The flight to Istanbul was quite a good one, passing over the high mountain ranges of Iran and East Turkey, also got an aerial view of Van lake and the monastery island in the lake. Arrived in Istanbul and took a metro followed by a tram into the old city of Sultanahmet. I fell in love instantly with the massive Blue Mosque and Ayasofya. Istanbul’s weather was at it’s, clear skies,crisp cool weather and a constant gentle breeze. Spent a evening exploring the Blue mosque,Hippodrome and it’s surroundings. The Blue mosque’s interiors was the most brilliant thing I had ever seen, with mosaics all over and lights hanging down from the dome. The whole Hippodrome area was bursting with spring flowers(although tulips had just ended their bloom) and the fountains and the flowers and buildings made a winning combination. It was very exciting to watch the mosques being lit up,coinciding with the Muezzin’s prayer call.

Enchanting Sultanahmet.

Enchanting Sultanahmet.

The Blue Mosque.

The Blue Mosque.

Ayasofya, Hagia Sophia.

Ayasofya, Hagia Sophia.

Ayasofya.

Ayasofya.

The next 4 days in Istanbul were filled with excitement and new experiences and sights, there was tremendous diversity among all sights. The Ottoman islamic architecture of the Topkapi palace had some real beautiful tile work in the Harem section and the palace was set among the most beautiful surroundings, among gardens and trees. The Eminou dock area was filled with locals, plenty of street food and the whole area was bursting with energy. The Sulemaniye mosque was drop dead gorgeous, the whole mosque exuded some kind of serenity with it’s grey-brown bricks which were glowing in the evening light. It had a huge courtyard and some really amazing interiors. And there were so few people, that enhanced the experience even more.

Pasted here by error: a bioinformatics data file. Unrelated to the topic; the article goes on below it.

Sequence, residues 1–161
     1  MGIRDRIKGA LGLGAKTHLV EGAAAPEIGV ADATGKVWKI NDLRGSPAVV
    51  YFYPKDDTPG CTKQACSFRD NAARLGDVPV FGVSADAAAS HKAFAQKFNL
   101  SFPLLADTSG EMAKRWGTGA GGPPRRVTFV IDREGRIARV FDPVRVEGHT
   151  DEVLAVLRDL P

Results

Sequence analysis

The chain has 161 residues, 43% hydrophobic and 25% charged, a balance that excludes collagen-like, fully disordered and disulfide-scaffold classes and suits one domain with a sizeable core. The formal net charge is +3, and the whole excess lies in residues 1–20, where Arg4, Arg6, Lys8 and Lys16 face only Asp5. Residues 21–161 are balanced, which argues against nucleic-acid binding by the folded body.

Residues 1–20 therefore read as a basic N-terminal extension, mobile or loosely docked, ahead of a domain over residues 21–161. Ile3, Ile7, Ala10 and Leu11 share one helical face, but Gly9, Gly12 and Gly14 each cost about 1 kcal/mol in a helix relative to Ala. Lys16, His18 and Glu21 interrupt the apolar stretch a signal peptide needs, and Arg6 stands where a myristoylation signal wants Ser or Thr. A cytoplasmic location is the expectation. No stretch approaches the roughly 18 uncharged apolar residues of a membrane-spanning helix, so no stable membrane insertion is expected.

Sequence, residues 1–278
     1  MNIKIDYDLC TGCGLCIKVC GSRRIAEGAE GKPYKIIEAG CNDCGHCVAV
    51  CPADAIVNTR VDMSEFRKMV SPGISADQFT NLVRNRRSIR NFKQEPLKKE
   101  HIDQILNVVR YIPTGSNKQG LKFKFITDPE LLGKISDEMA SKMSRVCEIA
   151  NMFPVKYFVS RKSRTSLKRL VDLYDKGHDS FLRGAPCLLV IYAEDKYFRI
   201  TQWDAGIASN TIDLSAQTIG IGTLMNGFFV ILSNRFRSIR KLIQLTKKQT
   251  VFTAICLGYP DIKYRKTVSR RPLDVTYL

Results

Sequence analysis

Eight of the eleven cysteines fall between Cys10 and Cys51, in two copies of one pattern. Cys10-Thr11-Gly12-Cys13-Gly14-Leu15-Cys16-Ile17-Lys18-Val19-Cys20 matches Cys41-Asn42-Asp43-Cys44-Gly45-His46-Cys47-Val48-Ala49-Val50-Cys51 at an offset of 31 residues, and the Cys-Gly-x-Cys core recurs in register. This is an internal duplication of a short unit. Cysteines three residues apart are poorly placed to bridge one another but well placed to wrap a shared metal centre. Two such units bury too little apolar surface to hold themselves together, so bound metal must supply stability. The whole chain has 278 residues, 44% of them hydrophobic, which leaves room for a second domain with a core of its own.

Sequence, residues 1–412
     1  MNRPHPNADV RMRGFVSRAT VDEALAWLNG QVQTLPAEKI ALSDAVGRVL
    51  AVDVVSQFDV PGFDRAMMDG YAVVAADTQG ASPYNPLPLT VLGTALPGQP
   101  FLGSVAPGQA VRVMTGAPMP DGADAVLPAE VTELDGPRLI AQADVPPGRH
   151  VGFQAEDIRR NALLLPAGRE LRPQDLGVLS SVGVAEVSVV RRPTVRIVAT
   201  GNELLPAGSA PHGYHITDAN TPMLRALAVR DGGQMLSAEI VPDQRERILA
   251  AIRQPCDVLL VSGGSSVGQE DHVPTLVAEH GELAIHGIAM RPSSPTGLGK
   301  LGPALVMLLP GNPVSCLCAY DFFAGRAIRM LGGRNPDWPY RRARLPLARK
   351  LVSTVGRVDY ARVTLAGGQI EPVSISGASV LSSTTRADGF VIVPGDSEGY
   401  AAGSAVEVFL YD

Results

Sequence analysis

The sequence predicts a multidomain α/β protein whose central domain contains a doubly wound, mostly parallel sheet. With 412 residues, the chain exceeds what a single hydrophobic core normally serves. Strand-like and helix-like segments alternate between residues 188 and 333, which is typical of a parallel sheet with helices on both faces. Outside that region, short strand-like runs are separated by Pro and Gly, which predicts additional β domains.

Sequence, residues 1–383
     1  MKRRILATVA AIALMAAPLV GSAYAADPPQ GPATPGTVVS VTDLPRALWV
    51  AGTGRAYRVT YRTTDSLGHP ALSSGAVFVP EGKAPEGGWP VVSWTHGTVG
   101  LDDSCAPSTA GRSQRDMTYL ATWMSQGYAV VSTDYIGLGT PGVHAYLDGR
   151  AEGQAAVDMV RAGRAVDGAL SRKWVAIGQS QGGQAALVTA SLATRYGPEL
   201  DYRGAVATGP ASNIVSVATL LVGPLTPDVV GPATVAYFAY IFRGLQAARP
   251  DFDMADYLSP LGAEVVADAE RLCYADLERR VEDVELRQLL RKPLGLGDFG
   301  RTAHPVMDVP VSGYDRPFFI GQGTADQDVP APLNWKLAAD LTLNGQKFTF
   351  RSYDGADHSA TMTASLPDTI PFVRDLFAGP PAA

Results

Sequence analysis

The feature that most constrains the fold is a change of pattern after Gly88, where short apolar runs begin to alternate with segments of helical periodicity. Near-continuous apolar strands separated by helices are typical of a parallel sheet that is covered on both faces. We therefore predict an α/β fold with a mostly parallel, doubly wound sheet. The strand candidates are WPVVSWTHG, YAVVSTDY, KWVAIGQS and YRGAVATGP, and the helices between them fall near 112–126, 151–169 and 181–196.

Inside Topkapi Palace.

Inside Topkapi Palace.

Inside the Topkapi Palace.

Inside the Topkapi Palace.

Interiors of the Blue Mosque.

Interiors of the Blue Mosque.

The "New" Mosque.

Interiors of the Sulemaniye Mosque.

Interiors of the Sulemaniye Mosque.

The Sulemaniye Mosque.

The Sulemaniye Mosque.

At the Rustum Pasha Jami.

At the Rustum Pasha Jami.

The Harem in Topkapi Palace.

The Harem in Topkapi Palace.

Then we had the Byzantine era monuments which were even more exciting. I really have no words for the Ayasofya, the light seeping in through small windows and the marble tiles had a distinct medieval touch, and that was despite the huge number of crowds. The Basilica Cistern was a gem, an underground Cistern that had felt like a cave but had the most amazing architecture and was beautifully lit. The Chora (Kariye) church was worth the bus ride, the mosaics were simply stunning,all of them of a religious flavor and very well preserved. No one will believe they are atleast a 1000 years old. The Valens Aqueduct was an attractive structure too. The Archaeology museum too was amazing, I am not really a fan of museums, but this one blew me away. The Sarcophagi section was the best.

Sarcophagi at Archaelogical Msueum.

Sarcophagi at Archaelogical Msueum.

Mosaics at Chora church.

Mosaics at Chora church.

The Valens Aqueduct.

The Valens Aqueduct.

The Basilica Cistern.

The Basilica Cistern.

The gorgeous interiors of the Ayasofya.

The gorgeous interiors of the Ayasofya.

The interiors of Chora church.

The interiors of Chora church.

The interiors of Chora church.

The interiors of Chora church.

The interiors of Chora church.

The interiors of Chora church.